when in the change tent, you couldn’t hear each other talk over the sound of the rain on the roof. It was disappointing that the first lap you couldn’t really see any of the ocean views from the rain but once the rain stopped and the sun came out, it was a sauna. My sunglasses and garmin fogged up so when it started raining again I was thankful. Plus, it made the race official that was smoking on this motorcycle have to put it out. But riding with wet socks made the ride longer and harder (that’s what she said) than it should have been. They had one less aid station on the course than last year so they were further spread out (gotta love Ironman) and I accidentally dropped my super concentrated bottle of my Myoplex BCAA after mile 60 so I had to use their super watered down version of an electrolyte drink and try to make it last. And when one of the aid stations had run out of real food, I officially lost my patience with Ironman. I enjoyed the hills more than the flats for two reasons. 1)I am as aerodynamic and graceful as a Sharpei in a convertible and 2) I rented a road bike which climbs better on hills. The flats were relentless with the headwind that accompanied the rain. But the downhills work well for a guy my size and I used them to my advantage.
Then the do-or-die moment I was waiting for. The run. Very spectator friendly which is always motivating. 3 laps up and down the boardwalk and esplanade in Cairns. About 5% was on wooden dock while the other 95% was on concrete. Switching to Zoots was definitely the right decision for the ankle, but man, the knees and back took the impact. I had been training in hokas up until the injury and the lack of cushioning made a difference. The sun went down relatively early being as its winter down here, and there isn’t a lot of street lighting. Race officials were on their motorbikes repeatedly coming up and down the middle of the bidirectional run path with the headlights on bright so they could see, totally destroying your night vision which was not cool. Also, after 9 pm, the run special needs bags were thrown in a big pile in the bed of a truck and if you wanted yours, you had to dig through them to go get it. Not kidding. Since I was doing the “jog 100 limp 50” running method, my blister/bandaid ratio was off, I was looking forward to getting the ones I had planted in my special needs, but when i rounded bend and saw that BS, I just wanted to get the race over with. A little over 15 and a half hours, I hobble my way down that glorious finisher chute where for the moment, all pain was gone and Ironman was forgiven.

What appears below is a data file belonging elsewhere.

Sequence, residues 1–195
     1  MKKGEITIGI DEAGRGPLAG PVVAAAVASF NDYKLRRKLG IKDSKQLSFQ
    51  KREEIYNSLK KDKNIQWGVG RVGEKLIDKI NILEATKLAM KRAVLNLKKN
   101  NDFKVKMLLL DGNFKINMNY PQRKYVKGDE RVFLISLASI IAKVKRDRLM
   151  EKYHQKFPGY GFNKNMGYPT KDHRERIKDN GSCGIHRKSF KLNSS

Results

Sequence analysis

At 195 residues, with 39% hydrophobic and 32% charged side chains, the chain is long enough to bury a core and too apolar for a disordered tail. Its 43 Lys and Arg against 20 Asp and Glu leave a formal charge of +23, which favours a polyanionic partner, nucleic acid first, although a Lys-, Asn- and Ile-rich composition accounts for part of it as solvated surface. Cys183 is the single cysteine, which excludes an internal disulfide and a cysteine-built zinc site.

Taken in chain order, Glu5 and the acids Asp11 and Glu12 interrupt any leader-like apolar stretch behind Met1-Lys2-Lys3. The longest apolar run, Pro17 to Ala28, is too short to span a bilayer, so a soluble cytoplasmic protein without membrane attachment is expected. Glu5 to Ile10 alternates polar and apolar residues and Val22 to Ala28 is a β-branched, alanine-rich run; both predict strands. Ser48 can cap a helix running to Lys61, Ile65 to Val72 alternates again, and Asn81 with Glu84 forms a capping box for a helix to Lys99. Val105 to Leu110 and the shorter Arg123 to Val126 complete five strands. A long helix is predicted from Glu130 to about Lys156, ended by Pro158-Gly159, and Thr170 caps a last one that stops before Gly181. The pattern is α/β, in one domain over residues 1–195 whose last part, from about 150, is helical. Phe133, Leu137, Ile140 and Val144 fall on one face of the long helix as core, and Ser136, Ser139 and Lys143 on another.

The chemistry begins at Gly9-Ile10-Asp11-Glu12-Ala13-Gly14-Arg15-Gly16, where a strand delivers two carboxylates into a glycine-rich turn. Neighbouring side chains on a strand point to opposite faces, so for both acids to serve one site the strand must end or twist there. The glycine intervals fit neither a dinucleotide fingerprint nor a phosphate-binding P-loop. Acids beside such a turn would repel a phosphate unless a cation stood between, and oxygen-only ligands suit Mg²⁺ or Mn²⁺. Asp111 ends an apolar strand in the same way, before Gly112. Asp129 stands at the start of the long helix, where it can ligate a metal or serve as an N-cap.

Until I walk over to get my finisher shirt and they tell me “sorry, we are out of your size,” even though it’s indicated on my bib number and it was ordered a year ago.
Everything about how this race was organized was a disaster. Different prerace events were held in different locations across town which were not marked. The athlete briefing video was in a hotel banquet room on a repeating video loop, but only for an hour and a half but they couldn’t get sound working for the first 45 minutes. With Mike Rielly unable to announce the finishers, they got some Australian guy who thought he was a comedian who was making fun of all the Chinese names making “fried rice” and “chicken chow mein” jokes, and being the Asia-Pacific Championship, that did not go over well. The swim was a 40 minute drive north of town so you had to schedule a shuttle to transport your bike for you to T1 then take a different shuttle that afternoon to get to it, but you also had to schedule that shuttle or else you couldn’t get there. Ashley sat on a shuttle for 3 hours (not exaggerating) after the swim to get back to Cairns. The aforementioned issues out on the course, only 3 distance markers on the entire 180km bike course. In talking with locals who have done this race before, this isn’t the race they are use to. Ironman, who has just been bought out, has gone cheap. It is a business after all. That being said, the race itself was challenging and rewarding which is why I signed up for it in the first place. Each difficulty added to the satisfaction of its completion.